Throw a compliment at Lyle Lovett and watch him squirm.

The four-time Grammy winner, it seems, has spent much of his career searching for a sufficiently hefty bushel under which to bury his light. “I’m still trying to figure out how to write a song,” is just one of the Texan’s more improbable claims. “I’m less of a craftsman, in my opinion, and more someone who just stumbles across words and a melody now and then.”

The perfect personification of the long, cool, gentleman cowboy, everything Lovett does is by nature understated, but no amount of charming self-effacement can obscure the fact that for 25 years he has been a master of American roots music. He is also tougher, and probably braver, than his erudite and unfailingly polite demeanour might suggest.

Outside of music, Lovett has thrown himself into two famously bruising arenas – Hollywood and the ranch – and has the scars to prove it. An enthusiastic breeder of horses and livestock, when he was gored by a bull in 2002 he dusted himself down with an admirable lack of fuss and was back on the road within months. When he married Julia Roberts in 1993, following a whirlwind three-week courtship, he jumped head first into the Beverly Hills bear pit. They said it wouldn’t last. It didn’t. The couple divorced, amicably, in 1995, and Lovett has been with his partner April Kimble for more than a decade.

Marriage to Roberts placed him under a spotlight which wasn’t always terribly forgiving, and yet there is no trace of bitterness. Quite the opposite, in fact. “Life is all about engaging in relationships with people you meet along the way,” he says. “The opportunities that present themselves always amaze me. I really enjoy getting to be with smart people who are interested in what they’re doing. That’s really what I take away from all of it.”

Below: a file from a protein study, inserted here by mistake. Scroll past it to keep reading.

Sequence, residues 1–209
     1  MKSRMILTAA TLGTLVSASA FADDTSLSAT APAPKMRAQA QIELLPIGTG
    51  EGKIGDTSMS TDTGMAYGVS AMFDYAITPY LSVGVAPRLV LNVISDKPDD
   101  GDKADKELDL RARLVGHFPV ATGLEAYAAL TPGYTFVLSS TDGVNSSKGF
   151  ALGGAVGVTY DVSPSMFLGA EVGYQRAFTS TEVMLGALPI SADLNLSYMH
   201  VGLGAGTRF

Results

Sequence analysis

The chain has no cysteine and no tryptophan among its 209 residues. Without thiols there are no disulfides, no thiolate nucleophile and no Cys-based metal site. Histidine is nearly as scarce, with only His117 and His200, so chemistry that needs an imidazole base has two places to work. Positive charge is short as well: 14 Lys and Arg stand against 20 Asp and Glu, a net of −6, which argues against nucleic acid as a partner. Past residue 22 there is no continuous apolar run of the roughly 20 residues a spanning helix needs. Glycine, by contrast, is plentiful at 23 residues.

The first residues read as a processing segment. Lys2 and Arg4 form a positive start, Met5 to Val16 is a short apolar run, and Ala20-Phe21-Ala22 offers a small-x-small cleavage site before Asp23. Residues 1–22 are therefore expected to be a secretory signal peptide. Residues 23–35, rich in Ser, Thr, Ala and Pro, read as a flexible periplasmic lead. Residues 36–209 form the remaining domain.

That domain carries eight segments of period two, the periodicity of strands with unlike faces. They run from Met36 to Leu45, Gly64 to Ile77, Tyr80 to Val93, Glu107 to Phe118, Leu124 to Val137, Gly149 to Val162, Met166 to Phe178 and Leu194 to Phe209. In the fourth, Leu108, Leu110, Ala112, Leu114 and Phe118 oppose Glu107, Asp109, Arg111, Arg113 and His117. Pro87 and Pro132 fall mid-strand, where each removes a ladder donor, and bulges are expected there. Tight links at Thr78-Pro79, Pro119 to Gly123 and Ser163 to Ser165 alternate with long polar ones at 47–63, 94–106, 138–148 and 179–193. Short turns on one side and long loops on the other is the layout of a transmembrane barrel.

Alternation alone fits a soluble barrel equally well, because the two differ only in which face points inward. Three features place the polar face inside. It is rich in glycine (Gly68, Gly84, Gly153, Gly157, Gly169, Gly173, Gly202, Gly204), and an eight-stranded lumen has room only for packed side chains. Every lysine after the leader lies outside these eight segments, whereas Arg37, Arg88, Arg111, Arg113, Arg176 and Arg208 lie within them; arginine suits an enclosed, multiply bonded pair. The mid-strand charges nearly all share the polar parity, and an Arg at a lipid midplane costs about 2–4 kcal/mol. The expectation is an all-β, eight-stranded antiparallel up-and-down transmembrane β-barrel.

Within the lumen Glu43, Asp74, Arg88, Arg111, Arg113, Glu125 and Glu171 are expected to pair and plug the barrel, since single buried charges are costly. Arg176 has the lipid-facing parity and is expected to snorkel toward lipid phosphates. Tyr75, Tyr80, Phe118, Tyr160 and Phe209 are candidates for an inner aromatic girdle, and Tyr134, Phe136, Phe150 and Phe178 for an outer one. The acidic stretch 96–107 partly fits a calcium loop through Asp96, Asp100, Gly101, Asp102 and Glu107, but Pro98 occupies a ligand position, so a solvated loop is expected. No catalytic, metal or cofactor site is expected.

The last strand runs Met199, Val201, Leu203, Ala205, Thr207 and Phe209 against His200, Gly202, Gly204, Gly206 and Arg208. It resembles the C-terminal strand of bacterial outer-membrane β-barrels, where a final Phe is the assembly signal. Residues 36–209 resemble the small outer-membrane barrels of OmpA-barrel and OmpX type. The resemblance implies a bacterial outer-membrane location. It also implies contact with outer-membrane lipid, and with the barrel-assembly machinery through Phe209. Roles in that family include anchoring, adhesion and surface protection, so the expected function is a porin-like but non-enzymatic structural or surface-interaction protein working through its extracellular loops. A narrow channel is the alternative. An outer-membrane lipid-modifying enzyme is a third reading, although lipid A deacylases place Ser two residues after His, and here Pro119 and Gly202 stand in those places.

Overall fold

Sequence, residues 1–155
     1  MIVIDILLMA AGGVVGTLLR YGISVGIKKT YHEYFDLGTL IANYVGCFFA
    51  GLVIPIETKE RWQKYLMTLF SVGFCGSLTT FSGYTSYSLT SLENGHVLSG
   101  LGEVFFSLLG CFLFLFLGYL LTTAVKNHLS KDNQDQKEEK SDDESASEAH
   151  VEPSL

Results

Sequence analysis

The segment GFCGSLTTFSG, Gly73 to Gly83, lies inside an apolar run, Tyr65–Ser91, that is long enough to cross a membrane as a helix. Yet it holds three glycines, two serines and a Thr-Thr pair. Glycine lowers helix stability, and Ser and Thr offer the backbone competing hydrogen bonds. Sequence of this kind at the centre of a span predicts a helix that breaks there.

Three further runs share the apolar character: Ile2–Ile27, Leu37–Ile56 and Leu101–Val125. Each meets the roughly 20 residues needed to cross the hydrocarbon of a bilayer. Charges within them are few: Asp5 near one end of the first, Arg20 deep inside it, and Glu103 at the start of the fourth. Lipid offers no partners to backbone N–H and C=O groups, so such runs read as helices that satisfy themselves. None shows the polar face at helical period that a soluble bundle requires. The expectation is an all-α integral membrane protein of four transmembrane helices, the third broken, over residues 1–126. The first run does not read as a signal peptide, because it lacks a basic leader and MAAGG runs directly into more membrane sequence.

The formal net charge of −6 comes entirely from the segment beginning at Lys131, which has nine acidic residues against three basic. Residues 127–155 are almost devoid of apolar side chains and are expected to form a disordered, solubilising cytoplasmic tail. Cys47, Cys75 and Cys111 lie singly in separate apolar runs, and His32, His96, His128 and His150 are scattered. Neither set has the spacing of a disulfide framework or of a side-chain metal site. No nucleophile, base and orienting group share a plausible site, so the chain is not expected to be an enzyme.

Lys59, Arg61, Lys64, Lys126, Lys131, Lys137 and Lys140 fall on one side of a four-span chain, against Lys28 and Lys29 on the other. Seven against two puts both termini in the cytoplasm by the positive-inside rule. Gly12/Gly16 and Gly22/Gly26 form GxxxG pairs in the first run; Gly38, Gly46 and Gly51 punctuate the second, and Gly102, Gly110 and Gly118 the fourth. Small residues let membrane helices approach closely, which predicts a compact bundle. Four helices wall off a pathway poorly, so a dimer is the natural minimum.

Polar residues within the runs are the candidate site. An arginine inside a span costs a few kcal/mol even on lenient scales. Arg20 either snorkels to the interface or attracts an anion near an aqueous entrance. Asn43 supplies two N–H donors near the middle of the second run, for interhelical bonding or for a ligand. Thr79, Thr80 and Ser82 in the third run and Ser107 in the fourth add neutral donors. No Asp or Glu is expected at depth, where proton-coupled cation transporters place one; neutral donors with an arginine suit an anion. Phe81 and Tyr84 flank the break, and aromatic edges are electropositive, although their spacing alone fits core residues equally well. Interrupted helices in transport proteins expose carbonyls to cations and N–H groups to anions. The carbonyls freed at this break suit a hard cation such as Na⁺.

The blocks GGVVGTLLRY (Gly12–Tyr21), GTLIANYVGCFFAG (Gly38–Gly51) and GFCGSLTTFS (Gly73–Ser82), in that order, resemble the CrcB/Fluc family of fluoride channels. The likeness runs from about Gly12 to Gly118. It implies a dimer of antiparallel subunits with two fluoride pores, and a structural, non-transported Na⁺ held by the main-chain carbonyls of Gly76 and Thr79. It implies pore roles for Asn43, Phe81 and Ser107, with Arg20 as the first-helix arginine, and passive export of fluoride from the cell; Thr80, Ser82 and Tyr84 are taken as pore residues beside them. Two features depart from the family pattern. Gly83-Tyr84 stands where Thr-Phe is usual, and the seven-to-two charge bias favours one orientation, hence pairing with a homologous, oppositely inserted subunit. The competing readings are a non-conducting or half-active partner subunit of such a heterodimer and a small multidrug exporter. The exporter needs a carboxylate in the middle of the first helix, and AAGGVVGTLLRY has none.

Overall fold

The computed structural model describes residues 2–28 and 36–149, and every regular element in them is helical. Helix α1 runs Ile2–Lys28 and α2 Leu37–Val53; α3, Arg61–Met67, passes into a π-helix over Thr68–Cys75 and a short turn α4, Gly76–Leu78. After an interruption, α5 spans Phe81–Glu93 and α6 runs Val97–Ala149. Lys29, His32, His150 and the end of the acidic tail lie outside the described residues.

Born in Houston in 1957, Lovett began performing in the mid-1970s while studying journalism at Texas A&M University. Equally at home on his uncle’s farm or in the library, his music was similarly pluralistic, combining the hard edge of Texas’s notorious honky-tonks and the more reflective nature of its cafes and coffee houses. At heart Lovett still defines himself as an acoustic singer-songwriter, but since releasing his self-titled debut album in 1986 he has woven into his music elements of blues, jazz, gospel, Texas swing and, above all, country.

The result has made for a richly unclassifiable career. Despite selling more than four million records, Lovett has (his liaison with Roberts aside) never had to negotiate serious stardom or transient notions of cool. Instead, he has settled for the pursuit of sustained excellence via a variety of musical platforms. We speak as he is touring the US with John Hiatt, performing their well-oiled duo show. Next weekend at Southern Fried, Perth’s annual festival of Americana music, he’ll be appearing with his endlessly inventive five-piece Acoustic Group. When schedules and budget align he unleashes his extraordinary Large Band, a 16-piece musical beast last heard on his 2007 album, It’s Not Big, It’s Large.You might imagine that this is a man who carefully plots each varied aspect of his career, but you’d be wrong. “Nothing I do starts out being some kind of preconceived artistic expression that I want to engage in,” says Lovett. “It’s less conceptual than that. At the centre of it all is the song. I get very excited about writing new songs and then hearing what it turns into as it evolves. I really do enjoy being able to present the song in different forms. All the other stylistic aspects are qualities that get applied with hindsight, and often through other people’s perceptions. To me it’s very real, rather than sitting back and thinking, ‘Well, I’m a certain kind of artist’.”

It’s been two years since Lovett’s last album, Natural Forces, and the follow up is well on the way to completion. He plans to finish recording in September, aiming for a release in late 2011 or early 2012. It may well be the last record he releases under the conventional route of engaging with a traditional record label.